The Inductive Argument from Evil
REBUFFED WITH HIS DEDUCTIVE ARGUMENT, the atheologian often turns to the inductive argument from the existence of evil. 1 Rowe calls it "the evidential form of the problem of evil: the form of the problem which holds that the variety and profusion of evil in our world, although perhaps not logically inconsistent with the existence of [God], provides, nevertheless, rational support for the belief that the theistic God does not exist." 2 This echoes Hume's earlier comment: "However consistent the world may be . . . with the idea of such a Deity, it can never afford us an inference concerning his existence."3 Or to put it another way, the pain and suffering which occur in our world make it unlikely or improbable that a God who is good, omnipotent, omniscient, loving, and personal exists.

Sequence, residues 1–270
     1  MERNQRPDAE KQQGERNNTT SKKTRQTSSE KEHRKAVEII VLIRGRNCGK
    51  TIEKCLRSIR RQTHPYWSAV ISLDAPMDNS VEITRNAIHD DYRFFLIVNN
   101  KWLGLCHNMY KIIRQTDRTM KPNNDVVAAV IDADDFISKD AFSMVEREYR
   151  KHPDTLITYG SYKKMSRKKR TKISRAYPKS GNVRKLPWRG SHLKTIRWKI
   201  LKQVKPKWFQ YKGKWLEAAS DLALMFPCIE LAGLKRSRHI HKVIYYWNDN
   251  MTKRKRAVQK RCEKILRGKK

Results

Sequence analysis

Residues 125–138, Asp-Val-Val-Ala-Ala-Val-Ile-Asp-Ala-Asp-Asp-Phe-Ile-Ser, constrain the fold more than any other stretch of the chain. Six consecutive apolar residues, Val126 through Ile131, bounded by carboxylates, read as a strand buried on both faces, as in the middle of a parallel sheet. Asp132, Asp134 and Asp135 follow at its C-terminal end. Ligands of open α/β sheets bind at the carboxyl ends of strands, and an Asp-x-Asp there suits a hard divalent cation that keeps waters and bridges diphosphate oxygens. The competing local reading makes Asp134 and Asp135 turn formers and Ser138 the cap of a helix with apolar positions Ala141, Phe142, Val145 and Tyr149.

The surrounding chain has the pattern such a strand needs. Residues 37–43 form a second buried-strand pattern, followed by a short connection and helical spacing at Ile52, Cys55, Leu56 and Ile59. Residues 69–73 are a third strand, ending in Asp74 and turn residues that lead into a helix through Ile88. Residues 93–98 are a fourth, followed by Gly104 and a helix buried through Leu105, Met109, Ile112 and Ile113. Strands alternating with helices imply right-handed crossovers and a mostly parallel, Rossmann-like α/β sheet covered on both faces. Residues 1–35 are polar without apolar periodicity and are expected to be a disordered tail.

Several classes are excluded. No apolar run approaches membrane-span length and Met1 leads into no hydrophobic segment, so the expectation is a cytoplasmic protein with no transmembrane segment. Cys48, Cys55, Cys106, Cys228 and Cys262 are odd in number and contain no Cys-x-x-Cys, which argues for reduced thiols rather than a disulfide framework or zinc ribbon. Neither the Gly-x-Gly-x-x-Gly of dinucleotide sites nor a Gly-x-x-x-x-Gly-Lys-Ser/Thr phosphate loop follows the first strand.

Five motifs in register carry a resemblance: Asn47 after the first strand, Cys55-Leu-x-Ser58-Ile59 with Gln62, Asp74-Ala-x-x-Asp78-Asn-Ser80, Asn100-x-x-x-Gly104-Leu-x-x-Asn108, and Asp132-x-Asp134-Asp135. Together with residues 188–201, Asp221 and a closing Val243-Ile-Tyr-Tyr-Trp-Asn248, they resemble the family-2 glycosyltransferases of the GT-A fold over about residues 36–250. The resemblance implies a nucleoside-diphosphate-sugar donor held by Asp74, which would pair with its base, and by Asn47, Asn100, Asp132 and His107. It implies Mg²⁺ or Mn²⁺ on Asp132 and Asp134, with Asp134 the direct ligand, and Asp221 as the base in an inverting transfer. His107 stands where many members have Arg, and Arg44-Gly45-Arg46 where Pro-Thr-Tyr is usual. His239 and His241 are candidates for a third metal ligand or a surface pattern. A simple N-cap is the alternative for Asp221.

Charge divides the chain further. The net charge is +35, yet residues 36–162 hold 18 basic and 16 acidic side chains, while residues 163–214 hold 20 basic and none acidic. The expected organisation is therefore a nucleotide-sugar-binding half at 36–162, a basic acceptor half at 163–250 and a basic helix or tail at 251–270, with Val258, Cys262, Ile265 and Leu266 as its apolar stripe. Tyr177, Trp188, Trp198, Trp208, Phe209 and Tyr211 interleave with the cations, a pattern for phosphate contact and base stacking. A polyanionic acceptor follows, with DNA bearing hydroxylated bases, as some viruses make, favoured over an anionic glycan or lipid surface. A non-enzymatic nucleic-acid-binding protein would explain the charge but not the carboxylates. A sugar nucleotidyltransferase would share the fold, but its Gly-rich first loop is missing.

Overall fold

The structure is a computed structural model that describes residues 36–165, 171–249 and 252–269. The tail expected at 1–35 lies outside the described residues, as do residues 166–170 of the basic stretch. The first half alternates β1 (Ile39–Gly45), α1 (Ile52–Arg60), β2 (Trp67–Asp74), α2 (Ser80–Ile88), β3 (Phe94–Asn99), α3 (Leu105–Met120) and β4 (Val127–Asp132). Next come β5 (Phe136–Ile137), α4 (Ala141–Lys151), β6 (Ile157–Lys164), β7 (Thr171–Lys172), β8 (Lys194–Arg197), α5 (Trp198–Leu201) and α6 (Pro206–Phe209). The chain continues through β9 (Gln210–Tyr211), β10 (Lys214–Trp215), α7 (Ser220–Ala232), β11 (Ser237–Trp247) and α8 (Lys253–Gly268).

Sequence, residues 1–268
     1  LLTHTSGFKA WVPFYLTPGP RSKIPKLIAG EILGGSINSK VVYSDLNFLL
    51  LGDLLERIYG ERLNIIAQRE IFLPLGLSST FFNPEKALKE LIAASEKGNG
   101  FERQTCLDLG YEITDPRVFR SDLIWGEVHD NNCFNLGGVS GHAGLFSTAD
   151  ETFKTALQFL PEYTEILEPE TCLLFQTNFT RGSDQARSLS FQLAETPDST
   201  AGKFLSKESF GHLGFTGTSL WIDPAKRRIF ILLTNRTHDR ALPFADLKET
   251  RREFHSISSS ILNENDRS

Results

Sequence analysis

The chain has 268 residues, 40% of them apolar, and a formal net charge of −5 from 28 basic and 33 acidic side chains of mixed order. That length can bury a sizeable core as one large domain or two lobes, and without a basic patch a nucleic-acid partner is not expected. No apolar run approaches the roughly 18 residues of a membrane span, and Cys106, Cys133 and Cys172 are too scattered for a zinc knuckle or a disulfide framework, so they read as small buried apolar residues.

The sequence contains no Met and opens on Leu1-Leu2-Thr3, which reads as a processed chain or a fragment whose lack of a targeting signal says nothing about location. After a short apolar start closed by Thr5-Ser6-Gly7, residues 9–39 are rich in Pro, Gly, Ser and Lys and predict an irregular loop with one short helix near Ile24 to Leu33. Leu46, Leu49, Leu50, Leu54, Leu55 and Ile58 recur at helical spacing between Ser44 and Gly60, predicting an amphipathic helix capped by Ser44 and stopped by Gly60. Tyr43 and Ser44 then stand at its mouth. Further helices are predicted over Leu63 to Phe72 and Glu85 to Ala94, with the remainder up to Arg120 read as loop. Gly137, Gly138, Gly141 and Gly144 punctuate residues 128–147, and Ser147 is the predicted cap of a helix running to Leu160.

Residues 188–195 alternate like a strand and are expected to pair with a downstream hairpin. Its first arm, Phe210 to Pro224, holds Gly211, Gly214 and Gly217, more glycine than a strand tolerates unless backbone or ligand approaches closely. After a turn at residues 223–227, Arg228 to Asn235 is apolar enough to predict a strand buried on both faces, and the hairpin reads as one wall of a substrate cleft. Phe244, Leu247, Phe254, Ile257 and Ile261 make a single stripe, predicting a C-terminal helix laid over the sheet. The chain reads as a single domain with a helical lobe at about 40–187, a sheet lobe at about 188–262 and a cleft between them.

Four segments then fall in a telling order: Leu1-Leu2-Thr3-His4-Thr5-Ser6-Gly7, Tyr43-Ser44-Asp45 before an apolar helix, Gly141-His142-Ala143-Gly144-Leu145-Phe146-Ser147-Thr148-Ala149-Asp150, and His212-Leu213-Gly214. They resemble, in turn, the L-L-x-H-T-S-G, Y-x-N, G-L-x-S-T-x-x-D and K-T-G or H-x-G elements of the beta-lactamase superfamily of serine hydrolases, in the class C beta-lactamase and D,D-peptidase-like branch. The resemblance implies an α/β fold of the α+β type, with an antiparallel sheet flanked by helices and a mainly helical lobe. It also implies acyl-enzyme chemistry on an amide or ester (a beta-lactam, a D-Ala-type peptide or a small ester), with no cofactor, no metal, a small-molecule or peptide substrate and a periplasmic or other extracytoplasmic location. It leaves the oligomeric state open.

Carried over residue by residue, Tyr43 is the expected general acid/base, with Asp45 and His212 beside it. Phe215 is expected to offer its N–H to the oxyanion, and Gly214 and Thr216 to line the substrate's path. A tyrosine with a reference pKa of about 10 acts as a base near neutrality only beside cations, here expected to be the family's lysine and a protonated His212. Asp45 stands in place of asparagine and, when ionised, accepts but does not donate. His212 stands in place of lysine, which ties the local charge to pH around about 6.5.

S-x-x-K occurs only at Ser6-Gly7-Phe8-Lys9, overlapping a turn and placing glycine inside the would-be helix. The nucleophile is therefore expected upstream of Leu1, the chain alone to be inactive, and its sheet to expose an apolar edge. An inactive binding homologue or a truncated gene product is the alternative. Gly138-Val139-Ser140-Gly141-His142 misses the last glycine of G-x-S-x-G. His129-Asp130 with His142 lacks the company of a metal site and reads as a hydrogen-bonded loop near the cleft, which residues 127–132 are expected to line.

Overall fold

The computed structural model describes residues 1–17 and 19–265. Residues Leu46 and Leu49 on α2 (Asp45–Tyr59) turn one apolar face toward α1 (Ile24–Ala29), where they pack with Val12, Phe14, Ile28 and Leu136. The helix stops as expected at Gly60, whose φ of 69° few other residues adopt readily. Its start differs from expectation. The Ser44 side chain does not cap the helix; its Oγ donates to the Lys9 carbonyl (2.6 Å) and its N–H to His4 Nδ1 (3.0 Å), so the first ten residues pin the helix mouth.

How is this unlikelihood or improbability to be understood? Is there any way of formulating the inductive argument or improbability more precisely? Since atheologians have appealed to a standard theorem of probability calculus called Bayes' Theorem 4 elsewhere in philosophical theology--for example, to suggest that the teleological argument serves to make improbable rather than probable God's existence 5--it is appropriate that we here employ Bayes' Theorem to reconstruct the atheologian's thesis that it is improbable that God exists given the amount of evil in the universe.
Bayes' Theorem can be formulated as follows, where